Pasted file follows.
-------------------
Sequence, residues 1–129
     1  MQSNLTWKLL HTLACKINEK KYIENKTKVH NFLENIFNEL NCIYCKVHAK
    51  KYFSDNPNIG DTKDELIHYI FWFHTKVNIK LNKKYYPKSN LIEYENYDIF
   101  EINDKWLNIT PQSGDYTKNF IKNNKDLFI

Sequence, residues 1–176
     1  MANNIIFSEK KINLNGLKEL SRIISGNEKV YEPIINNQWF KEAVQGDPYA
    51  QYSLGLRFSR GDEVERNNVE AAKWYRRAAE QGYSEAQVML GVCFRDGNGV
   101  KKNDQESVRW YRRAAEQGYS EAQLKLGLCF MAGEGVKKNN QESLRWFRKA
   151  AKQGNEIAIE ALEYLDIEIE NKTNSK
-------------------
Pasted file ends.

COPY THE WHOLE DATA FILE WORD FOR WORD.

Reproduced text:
Sequence, residues 1–129
     1  MQSNLTWKLL HTLACKINEK KYIENKTKVH NFLENIFNEL NCIYCKVHAK
    51  KYFSDNPNIG DTKDELIHYI FWFHTKVNIK LNKKYYPKSN LIEYENYDIF
   101  EINDKWLNIT PQSGDYTKNF IKNNKDLFI

Sequence, residues 1–176
     1  MANNIIFSEK KINLNGLKEL SRIISGNEKV YEPIINNQWF KEAVQGDPYA
    51  QYSLGLRFSR GDEVERNNVE AAKWYRRAAE QGYSEAQVML GVCFRDGNGV
   101  KKNDQESVRW YRRAAEQGYS EAQLKLGLCF MAGEGVKKNN QESLRWFRKA
   151  AKQGNEIAIE ALEYLDIEIE NKTNSK